The deductibility of Home Office expenses are complicated enough for a self employed, sole proprietor, however, if you are an employee and not a sole proprietor, the codes and regulations get even more complicated.
Before you start thinking you are not an employee, you are self employed, let me clear up an issue. If you are a small business owner, whether you are an S corporation or an LLC that chose to be taxed as an S corporation, you are not self employed. In this situation you wear two hats. You are an owner and you are an employee. Tax codes will generally guide you to being treated as an employee first and then as an employer. For example, tax laws regarding withdrawals from your S corporation would first ask, are you, as the employee, getting paid a “reasonable compensation” for your work as an employee? If so, and only until you are, you may be able to take non-taxable distributions from your S corporation.
Examining the tax codes regarding Home Office expenses, you are also first considered an employee before you are the employer or owner.
Corporate Office in Home
Now let’s look at Home Office expenses when your company’s office is in your principal residence. I have been asked several times, “can’t I just have my S corporation pay me rent”? Examining what the IRS Codes say, Section 280A(c) basically explains that certain business use rental expenses are not deductible which are attributable to the rental of the dwelling unit (your house) by the taxpayer (you as the employee) to his employer during any period in which the taxpayer uses the dwelling unit (or portion) in performing services as an employee of the employer. However, code section 162(a)(3) states your corporation can deduct the rental payments made to you as the employee.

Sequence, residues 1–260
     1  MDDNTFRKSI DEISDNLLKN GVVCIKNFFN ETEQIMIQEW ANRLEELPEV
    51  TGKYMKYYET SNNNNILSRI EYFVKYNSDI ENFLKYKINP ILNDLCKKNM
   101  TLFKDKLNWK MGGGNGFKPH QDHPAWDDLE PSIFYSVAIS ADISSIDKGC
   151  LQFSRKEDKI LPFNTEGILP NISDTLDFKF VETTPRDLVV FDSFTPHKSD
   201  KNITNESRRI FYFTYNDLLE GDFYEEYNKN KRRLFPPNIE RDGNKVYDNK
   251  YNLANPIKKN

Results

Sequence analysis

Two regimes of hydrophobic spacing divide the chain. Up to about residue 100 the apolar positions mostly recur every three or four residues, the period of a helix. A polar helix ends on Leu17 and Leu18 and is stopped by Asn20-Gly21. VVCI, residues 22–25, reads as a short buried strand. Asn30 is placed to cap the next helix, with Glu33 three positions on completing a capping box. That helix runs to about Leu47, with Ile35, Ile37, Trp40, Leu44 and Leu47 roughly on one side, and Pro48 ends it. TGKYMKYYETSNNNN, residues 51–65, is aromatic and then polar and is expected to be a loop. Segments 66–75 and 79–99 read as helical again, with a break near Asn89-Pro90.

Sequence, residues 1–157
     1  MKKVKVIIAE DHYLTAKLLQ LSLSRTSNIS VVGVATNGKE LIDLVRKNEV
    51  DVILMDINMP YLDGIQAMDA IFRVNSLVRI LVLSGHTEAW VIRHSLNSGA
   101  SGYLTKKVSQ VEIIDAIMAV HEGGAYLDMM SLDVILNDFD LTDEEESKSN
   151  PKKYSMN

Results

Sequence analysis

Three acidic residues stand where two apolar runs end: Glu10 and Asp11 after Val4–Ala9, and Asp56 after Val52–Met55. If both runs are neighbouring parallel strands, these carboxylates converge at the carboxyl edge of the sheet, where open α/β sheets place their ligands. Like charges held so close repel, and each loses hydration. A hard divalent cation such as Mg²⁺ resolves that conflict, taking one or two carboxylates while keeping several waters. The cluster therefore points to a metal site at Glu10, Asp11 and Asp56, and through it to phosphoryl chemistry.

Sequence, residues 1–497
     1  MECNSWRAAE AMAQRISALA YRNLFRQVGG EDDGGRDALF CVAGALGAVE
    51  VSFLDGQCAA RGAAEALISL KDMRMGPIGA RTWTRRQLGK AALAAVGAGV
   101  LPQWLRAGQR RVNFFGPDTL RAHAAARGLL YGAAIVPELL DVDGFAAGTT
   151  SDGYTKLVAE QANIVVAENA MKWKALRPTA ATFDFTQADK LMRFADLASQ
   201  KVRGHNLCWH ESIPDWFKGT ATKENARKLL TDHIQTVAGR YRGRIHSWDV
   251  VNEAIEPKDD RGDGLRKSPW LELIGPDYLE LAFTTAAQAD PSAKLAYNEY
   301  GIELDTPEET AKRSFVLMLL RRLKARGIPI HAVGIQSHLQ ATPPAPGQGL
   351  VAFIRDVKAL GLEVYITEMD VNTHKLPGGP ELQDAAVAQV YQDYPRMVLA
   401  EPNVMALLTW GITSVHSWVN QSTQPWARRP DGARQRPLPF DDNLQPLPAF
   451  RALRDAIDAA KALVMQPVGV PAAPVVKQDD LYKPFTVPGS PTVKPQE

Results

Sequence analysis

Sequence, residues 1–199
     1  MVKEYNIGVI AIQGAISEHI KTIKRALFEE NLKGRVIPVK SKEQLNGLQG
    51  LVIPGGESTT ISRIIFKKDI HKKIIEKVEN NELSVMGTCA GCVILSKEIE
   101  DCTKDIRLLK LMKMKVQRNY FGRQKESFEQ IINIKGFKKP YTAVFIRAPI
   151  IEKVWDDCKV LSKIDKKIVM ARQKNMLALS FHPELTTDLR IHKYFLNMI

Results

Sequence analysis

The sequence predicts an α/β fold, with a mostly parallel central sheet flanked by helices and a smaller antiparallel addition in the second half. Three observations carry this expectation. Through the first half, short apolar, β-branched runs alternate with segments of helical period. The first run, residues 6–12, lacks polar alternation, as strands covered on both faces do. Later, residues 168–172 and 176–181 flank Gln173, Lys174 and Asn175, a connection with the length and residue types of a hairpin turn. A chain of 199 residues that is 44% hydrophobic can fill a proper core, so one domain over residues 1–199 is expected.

This basically states that if you rent your Home Office to your S Corporation you, as the employee cannot deduct any expenses attributable to that rent, or that portion of the house, to offset the rental income. Therefore, you would be lowering your S corporation income and increasing your personal income. There generally is no benefit to this transaction, especially considering the State of Florida will want their seven percent sales tax on the rental of commercial property. There may be areas that it could be beneficial to transact business in such a matter, however, that would be based on individual situations and would need to be discussed one on one.
So what can you do?
The goal now is to qualify the expenses of your Home Office as a “Working condition fringe”. Section 132(d) defines a working condition fringe as property or services provided to an employee of the employer to the extent that, if the employee paid for such property or services, such payment would be allowable as a deduction under Section 162 or 167. Other stipulations would require the employer to have an “accountable plan” established by the corporation to reimburse certain expenses paid by your employees (another discussion).
How does this work?
This would generally mean your corporation can reimburse your employee (you) for certain expenses directly related to the Home Office and paid by you as the employee. These expenses would generally include repairs and supplies. Another form of deduction would include certain expenses related to the portion of your house that is used for the business, such as utilities and insurance.
If your S corporation pays you, the employee, a reasonable salary, establishes an accountable plan to reimburse employees for deductible business expenses paid by the employee, your S corporation may be able to deduct Home Office expenses reimbursed to you. Since these payments are a reimbursement of business expenses you personally paid, the payments to you are not included as income on your personal return. Therefore, the corporation benefits from the rental expenses and you are able to pull out non-taxable income from your corporation. Remember, you must also qualify your Home Office for legitimate business purposes for any of this to work.